The Bush administration, its last-ditch cease-fire effort blasted by the suicide bombings in Israel, has all but given up on finding a Palestinian partner for peace.
President Bush addresses Yasser Arafat as he once addressed the Taliban, with a stern demand that he "rise up and fight terror." The "or else" is unspoken. Mr. Bush has ordered the freezing of assets linked to Palestinian militants as he has frozen the assets linked to the Al Qaeda terrorist organization.
No longer do administration officials ritually balance the condemnation of Arab violence with appeals for Israeli restraint. After air strikes on Gaza and the West Bank, White House spokesman Ari Fleischer said, "Obviously, Israel has the right to defend herself."
When President Bush met with Prime Minister Ariel Sharon last Sunday before the air strikes had been launched, he could have counseled restraint. He didn't. Mr. Fleischer said that Mr. Sharon did not ask for a green light - and, presumably, Bush did not flash an amber light.
Frustration with Mr. Arafat is now openly expressed by administration officials.
Defense Secretary Donald Rumsfeld, recalling Arafat's own days as a terrorist, says, "He is not a particularly strong leader." Secretary of State Colin Powell, usually painfully measured between the contending parties, now says sarcastically that it's time to put Palestinian bombers in "real jails where they are not walking free several days later."
After Sept. 11, the Bush administration worried about antagonizing Islamic supporters of the antiterrorist coalition by not appearing sufficiently sensitive to the Palestinian cause. Now, the administration sounds as though it considers Palestinian violence as part of the global threat of terrorism. White House sources say that President Bush has demanded directly of Arafat that he break up the militant Hamas and Islamic Jihad organizations.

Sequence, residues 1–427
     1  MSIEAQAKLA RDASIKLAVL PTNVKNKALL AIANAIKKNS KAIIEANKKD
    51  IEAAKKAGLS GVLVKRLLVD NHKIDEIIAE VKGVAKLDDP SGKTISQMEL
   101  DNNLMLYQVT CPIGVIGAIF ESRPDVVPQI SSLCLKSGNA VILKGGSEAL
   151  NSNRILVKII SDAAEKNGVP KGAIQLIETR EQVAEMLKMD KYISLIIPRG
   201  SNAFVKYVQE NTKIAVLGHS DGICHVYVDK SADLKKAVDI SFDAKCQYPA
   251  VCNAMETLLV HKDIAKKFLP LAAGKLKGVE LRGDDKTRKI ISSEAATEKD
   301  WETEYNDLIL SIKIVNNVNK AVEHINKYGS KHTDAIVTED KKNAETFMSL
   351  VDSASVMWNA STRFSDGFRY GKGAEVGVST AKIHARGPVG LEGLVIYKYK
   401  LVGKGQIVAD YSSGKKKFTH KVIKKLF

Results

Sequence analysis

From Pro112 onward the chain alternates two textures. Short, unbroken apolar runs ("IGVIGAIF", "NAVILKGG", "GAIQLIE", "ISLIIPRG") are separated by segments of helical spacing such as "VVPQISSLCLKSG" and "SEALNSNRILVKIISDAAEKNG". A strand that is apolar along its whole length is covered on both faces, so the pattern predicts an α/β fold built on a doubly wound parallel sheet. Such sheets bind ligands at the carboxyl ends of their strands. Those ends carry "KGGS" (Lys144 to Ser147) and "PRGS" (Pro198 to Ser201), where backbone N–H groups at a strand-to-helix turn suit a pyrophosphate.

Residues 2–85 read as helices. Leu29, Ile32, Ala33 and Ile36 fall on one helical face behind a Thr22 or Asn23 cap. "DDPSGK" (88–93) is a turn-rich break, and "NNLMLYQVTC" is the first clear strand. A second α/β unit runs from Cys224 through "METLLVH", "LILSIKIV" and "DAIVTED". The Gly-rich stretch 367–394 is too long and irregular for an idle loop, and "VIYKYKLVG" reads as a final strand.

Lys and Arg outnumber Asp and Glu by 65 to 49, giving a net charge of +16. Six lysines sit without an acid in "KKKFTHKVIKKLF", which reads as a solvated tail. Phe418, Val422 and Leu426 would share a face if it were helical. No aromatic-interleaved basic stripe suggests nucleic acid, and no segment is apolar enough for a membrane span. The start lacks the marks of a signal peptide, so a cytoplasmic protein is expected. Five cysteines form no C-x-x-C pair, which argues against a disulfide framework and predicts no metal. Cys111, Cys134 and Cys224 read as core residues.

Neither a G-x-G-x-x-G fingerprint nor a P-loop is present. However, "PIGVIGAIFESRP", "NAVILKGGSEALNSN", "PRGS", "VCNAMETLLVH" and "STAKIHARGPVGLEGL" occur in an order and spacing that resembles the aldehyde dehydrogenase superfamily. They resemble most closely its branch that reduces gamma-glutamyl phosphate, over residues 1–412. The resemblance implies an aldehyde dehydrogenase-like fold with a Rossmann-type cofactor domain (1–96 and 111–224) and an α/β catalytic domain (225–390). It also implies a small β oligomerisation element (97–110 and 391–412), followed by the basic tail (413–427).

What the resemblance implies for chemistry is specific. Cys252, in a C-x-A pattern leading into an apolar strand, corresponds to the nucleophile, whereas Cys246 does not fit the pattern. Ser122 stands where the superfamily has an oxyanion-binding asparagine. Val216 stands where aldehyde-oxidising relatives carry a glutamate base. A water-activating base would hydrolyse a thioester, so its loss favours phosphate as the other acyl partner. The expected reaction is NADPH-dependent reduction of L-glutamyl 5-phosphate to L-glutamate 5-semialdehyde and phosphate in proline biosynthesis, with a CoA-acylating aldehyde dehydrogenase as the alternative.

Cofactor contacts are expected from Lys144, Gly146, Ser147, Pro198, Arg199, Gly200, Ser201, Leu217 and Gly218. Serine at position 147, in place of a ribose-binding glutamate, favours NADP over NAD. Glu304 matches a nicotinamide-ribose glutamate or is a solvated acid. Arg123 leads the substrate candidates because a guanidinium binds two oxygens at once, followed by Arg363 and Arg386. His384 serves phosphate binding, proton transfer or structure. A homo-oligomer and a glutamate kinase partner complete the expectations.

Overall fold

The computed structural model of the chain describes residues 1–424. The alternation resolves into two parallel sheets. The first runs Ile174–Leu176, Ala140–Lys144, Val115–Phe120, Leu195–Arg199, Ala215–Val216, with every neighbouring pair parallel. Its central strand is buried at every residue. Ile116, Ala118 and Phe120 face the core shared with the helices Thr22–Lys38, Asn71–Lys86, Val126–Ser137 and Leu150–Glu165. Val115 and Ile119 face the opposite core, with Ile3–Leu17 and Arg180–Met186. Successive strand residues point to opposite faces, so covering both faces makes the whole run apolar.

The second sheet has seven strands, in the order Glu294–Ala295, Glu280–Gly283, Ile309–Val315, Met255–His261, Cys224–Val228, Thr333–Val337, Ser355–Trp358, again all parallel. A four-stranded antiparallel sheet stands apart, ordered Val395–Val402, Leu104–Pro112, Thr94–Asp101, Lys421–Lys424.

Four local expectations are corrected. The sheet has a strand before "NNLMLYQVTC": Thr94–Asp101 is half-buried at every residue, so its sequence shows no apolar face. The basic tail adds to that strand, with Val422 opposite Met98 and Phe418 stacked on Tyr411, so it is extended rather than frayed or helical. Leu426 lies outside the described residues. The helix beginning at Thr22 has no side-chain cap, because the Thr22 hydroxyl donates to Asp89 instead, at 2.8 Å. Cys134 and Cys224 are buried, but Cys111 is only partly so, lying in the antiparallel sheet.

It is not likely that Arafat will, and it is far from likely that he can. That means that the grizzled veteran, who has steered his way successfully through all the minefields of talking and fighting through all these years, may finally be reaching the end of his line.
If he turns his back on the intifada, he faces an intra-Palestinian civil war that could test the ability of aging leadership to prevail over youthful rage. If he is brought down, there is no new single leader in sight.
Thus the suicide bombings that almost coincided with the arrival of retired Gen. Anthony Zinni, the president's peace envoy, represent as much a challenge to Arafat as to Sharon or Bush.
The Arab-Israeli conflict could, even before Iraq, become the next battleground in the war against terrorism.
Daniel Schorr is a senior news analyst at NPR.